All the same, there were one or two rare examples of success. The end of the Second World War saw the return of millions of young men from Germany and other Central European countries for whom killing the enemy and looting their property had become the norm. Some of them were unable to stop and carried on killing and looting at home. A number of books were written about this, though without saying anything about the source of the trend. Another cause of criminality after the war was families without fathers. There were dozens of books about this, but they’re not really detective fiction.
To touch on the spy novel for a moment. Because the entire Soviet ideology was a sham, Soviet spies in real life and in literature seemed, at best, pale shadows, but more usually felt like caricatures. A Graham Greene, or John le Carre, or Forsythe simply could not exist in Soviet literature. It seems ridiculous, but for good spy fiction you have to have heroes who either defend or betray real values: freedom, democracy, human rights. A Nazi or Communist spy could not possibly be a goody. Not when the whole thrust of his ideology was anti-human. An exception was the novel, and subsequent tv serial, Seventeen Moments of Spring. The hero was a Soviet deep cover agent working in the Gestapo. He was a cult figure in the Soviet Union, and even featured in a whole series of jokes, the supreme accolade in Soviet culture. Why? It wasn’t just because of the talents of the author, director and actors. The war with the Nazis was the only time in Soviet history when the interests of the people coincided with the interests of their rulers. As a result the Soviet agent was carrying out a mission that was not merely dangerous. It was noble. The Nazis were a real enemy, and fighting them was the duty of every decent person.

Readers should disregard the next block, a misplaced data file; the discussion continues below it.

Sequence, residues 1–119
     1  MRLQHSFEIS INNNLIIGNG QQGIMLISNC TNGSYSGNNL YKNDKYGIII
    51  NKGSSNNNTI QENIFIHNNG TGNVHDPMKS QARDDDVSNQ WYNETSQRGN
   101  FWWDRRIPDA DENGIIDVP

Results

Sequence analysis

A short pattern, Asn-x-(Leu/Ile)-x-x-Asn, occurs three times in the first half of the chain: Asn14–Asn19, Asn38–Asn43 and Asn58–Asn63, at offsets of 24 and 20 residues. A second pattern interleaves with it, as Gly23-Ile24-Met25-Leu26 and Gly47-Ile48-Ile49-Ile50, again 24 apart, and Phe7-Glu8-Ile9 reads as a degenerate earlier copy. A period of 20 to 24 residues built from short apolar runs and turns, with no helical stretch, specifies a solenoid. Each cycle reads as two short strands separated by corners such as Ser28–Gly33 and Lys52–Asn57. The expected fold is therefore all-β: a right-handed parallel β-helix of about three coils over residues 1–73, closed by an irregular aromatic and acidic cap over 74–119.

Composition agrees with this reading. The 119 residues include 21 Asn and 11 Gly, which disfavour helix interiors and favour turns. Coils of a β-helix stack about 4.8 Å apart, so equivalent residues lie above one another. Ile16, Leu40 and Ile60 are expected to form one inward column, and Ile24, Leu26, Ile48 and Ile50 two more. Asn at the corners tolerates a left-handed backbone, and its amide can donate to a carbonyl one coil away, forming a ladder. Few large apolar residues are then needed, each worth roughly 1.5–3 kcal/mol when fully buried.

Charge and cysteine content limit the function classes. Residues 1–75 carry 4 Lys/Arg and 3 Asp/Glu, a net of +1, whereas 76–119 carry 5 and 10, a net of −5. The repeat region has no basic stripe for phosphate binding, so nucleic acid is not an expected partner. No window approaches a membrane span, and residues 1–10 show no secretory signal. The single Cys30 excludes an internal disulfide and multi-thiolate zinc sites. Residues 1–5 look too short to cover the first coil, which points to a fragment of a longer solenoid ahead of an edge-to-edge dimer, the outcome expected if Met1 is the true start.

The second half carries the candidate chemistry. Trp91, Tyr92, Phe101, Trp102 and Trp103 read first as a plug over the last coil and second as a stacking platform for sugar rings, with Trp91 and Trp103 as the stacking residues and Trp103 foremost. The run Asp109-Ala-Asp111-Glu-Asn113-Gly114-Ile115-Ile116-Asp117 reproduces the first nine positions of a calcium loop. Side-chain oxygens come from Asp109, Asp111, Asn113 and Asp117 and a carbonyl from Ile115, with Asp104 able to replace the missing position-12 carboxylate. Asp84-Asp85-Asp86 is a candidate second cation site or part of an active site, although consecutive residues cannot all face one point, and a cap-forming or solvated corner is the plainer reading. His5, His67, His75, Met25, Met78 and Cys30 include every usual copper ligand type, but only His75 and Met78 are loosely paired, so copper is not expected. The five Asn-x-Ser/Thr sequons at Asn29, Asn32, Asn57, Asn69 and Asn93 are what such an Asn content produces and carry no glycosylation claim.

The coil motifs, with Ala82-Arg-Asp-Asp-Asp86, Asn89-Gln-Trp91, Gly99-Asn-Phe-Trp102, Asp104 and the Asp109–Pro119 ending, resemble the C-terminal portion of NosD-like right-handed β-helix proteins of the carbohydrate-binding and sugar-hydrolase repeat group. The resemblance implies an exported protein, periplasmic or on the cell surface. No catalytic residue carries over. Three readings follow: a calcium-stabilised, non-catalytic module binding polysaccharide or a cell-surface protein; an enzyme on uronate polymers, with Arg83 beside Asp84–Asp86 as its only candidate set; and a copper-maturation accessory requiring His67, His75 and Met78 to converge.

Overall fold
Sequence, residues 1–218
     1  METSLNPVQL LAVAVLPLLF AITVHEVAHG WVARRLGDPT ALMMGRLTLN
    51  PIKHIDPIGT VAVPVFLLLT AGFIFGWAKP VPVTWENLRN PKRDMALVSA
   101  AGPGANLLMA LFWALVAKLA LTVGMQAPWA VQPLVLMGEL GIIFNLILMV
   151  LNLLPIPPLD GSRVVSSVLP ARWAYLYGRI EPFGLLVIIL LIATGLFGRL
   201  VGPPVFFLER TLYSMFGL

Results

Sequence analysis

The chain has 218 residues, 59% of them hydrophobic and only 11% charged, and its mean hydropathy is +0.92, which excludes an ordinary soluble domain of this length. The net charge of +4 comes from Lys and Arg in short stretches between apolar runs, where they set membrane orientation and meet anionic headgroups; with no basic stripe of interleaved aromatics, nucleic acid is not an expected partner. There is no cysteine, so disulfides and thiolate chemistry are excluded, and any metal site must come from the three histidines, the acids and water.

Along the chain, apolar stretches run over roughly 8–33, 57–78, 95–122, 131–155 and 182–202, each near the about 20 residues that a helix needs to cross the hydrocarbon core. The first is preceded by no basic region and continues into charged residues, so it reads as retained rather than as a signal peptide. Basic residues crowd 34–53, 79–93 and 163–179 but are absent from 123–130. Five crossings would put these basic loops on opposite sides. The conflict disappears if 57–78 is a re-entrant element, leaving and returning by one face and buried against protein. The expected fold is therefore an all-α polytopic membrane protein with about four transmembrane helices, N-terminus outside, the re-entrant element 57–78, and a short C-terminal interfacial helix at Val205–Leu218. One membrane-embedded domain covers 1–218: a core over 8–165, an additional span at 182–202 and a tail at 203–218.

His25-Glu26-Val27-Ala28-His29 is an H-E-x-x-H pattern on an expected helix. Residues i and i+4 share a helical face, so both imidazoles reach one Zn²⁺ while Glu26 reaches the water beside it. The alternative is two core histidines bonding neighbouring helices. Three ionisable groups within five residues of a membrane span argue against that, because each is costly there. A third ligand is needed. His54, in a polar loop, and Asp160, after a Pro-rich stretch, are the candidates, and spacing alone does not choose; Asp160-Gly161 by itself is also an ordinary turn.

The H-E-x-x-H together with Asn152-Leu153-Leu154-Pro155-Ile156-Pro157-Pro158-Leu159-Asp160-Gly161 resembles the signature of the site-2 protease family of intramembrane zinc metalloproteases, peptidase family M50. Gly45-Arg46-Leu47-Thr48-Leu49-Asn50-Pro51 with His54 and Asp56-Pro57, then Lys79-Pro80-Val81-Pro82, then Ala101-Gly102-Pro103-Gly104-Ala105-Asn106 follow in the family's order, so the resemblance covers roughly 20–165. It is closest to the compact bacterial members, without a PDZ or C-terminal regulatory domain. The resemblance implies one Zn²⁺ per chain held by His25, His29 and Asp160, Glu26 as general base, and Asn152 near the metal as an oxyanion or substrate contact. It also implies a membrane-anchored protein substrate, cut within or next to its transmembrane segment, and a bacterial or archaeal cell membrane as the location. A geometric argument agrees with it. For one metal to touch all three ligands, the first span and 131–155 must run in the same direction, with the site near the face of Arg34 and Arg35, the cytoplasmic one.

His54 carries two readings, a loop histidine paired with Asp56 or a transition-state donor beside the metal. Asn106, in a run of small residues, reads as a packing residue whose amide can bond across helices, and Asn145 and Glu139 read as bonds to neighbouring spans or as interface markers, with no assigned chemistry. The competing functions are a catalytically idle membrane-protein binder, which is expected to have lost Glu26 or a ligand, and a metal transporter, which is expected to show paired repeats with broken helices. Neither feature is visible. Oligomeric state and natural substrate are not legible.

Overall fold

What’s going on in today’s Russia? Detective stories are written and published in their hundreds. The absence of a tradition is reflected in their quality, which as a rule is extremely low. True, Russian crime fiction has acquired a new hero: the private detective. New, because everything or almost everything “private” was banned in the USSR. The undisputed champion of the genre is Boris Akunin, who is widely appreciated by discerning British readers. Akunin prefers to work with historical material. In his books, Tsarist-era detectives are the positive heroes, while the political terrorists are the real evildoers, something unthinkable in Soviet literature. This is what crime fiction readers always wanted: not to be cheated, for the heroes to be heroes and the baddies to be baddies. As far as property is concerned, though, things are still a little murky. No, it hasn’t been “looted”, more like “stolen”. And stolen by people (“oligarchs”) in cahoots with the state. And in the classic detective novel, even the most sophisticated, good must be good and evil must be evil. Dialectics is for other genres.